Ed Lee is San Francisco’s first Asian-American mayor
San Francisco voters may have largely avoided the polls Tuesday, November 8, but incumbent Ed Lee received enough booth support to earn the victory and become the city’s first elected Asian mayor.
In being elected the city’s first mayor of Chinese descent, Lee not only overcame allegations of improper campaign funding, but also survived the surprisingly low voter turnout across the board in all precincts.
Only 30 percent of closely 144,000 out of 464,300 registered voters in San Francisco cast their ballots. The indifference worked against most of the 16 candidates for the mayor’s office — including Lee himself, who failed to get 51 percent of the vote, thus putting to work the ranked choice voting system.
Lee said the ranked choice voting confused many voters, alluding to it as one possible reason for the low voter turnout. Last week, a charter to end the city’s experiment with ranked choice voting was proposed at San Francisco City Hall.
Supervisors Sean Elsbernd and Mark Farrell (who both proposed the repeal) offered as evidence some candidates (including Elsbernd himself) elected without a majority vote.
Curiously, Oakland experimented with the ranked choice voting system in November last year. This year, the Occupy protesters, notably in Oakland, disrupted (and is still disrupting as of this writing) city operations. Critics cite embattled Oakland Mayor Jean Quan as a risk example of ranked choice voting. Some who did not vote ultimately pointed out to their loss of faith in government, as Greek protesters did in Europe this month.
Lee took 31.5 per cent of the votes against John Avalos’ 18.29 percent and Dennis Herrera’s 11.28 percent, according to the Department of Elections Consolidated Municipal Election summary results.
State Senator Leland Yee, the candidate closest to the Filipino community, garnered only 7.59 percent, about 2,000 votes behind David Chiu’s 9.04 percent.
Some pundits are speculating if the battle could have been closer if more Filipino-Americans cast their votes. Déjà vu Milpitas Mayor Joe Esteves’ run for Supervisor for the Santa Clara County Board in 2008?
Fil-Am candidates gave a better account of themselves in the Consolidated Districts Election in Solano County.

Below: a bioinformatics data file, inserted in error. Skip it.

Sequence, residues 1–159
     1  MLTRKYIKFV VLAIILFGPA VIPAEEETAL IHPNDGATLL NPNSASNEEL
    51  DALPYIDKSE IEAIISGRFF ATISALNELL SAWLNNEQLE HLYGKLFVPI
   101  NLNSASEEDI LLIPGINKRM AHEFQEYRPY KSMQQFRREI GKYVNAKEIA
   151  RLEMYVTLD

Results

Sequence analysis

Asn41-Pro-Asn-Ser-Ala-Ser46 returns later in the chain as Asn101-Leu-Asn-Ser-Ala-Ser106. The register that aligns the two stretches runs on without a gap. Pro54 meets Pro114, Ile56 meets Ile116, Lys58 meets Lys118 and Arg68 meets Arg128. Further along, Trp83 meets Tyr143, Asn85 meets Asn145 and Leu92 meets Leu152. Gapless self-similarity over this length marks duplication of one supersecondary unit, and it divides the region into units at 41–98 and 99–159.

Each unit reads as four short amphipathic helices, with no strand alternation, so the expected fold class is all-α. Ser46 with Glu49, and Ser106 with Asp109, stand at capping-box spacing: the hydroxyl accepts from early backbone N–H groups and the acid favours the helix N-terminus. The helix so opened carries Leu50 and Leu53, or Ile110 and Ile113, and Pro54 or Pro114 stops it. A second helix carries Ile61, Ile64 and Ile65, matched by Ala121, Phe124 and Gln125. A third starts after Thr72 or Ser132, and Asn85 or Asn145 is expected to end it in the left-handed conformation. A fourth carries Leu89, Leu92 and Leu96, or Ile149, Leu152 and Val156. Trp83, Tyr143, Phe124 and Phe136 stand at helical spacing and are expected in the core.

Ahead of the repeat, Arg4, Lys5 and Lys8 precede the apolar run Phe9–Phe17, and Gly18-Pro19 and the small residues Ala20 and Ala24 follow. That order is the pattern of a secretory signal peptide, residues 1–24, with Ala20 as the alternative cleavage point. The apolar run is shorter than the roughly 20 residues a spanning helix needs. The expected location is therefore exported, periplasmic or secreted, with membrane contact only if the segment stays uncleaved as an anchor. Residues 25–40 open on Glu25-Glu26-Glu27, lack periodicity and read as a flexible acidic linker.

Again, despite a low voter turnout (only about 41,000 voted out of a total registered of about 194,000), retired pastor Tony Ubalde made it as School Board member of the Vallejo City Unified School District, and retired police sergeant Bob Sampayan became a member of the Vallejo City Council.
Ubalde won 55.42 percent of the votes, outpacing Robert Da Prato’s 42.74 percent , according to the Solano County Consolidated Districts Election summary results.
Ubalde has been a public educator for 40 years. He co-chaired the development of bilingual education and advocated integration in San Francisco public schools in the 1970s. He is serving as a Citizens Oversight Bond commissioner since 1998 in Solano County.
Ubalde will finish the remaining two-year term of School Board member Cris Villanueva, who passed away June this year.
Ubalde campaigned “to provide effective leadership to mitigate the high drop-out rate in the school district, ensuring that every student has equal access to the highest quality education and support collaboration and open communication between students, staff, parents and community.”
Bob Sampayan came close to within striking range of Erin Hannigan’s bid for Vallejo City Council member. Sampayan had 20 per cent of the vote while Hannigan had 20.04 per cent –a mere 14 votes. He beat third-placed Robert McConnell by about 600 votes.
Fil-Am ex-U.S. Navy and realtor Jesus Malgapo lost by 300 votes to McConnell. With three seats open, Sampayan is a strong second.
Sampayan was born in Ft. Belvoir, Virginia and lived in various parts of the world because of his father’s military postings. He studied at Hartnell Community College in Salinas, then earned his degree at San Jose State University.
His career spans 30 years in law enforcement, not the least of it being 21 years working in every division of the Vallejo PD. Long-time Vallejo resident and Democratic Party member Eloise Escano Scott explained to FilAm Star why, she thinks, Sampayan won.
“I think that Vallejo voters see that the number one problem, among others, is crime …. burglaries and the deterioration of peace and order. They need somebody with hands-on experience walking the unsafe streets and dealing with criminal elements.”
A strong proponent for community-based policing, Sampayan did not stop serving the City of Vallejo after his retirement. He continued as volunteer coordinator for the city’s non-profit Fighting Back Partnership.